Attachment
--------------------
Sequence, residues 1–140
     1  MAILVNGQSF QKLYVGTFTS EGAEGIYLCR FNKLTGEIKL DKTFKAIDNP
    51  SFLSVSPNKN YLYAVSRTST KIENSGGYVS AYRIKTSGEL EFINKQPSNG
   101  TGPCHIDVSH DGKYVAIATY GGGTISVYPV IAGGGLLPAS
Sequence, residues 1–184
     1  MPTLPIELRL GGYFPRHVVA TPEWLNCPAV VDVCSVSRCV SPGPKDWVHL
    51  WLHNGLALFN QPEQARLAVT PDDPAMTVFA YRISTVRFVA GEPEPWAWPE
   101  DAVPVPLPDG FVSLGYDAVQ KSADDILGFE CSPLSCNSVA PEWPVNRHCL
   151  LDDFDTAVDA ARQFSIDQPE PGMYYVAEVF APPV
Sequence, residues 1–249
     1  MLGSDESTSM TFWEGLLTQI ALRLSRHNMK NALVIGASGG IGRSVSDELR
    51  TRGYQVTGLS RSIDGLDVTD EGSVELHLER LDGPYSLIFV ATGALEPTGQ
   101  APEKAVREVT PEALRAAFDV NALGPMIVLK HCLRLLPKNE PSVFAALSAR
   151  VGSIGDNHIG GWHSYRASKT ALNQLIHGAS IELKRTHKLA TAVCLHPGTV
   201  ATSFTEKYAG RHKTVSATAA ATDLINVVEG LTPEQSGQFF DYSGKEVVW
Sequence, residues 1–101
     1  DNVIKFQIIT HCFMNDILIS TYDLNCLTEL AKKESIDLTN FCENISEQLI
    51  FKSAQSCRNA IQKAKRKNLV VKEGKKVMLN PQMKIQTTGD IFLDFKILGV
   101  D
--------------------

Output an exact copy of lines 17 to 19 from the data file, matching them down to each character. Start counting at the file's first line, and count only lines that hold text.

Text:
     1  DNVIKFQIIT HCFMNDILIS TYDLNCLTEL AKKESIDLTN FCENISEQLI
    51  FKSAQSCRNA IQKAKRKNLV VKEGKKVMLN PQMKIQTTGD IFLDFKILGV
   101  D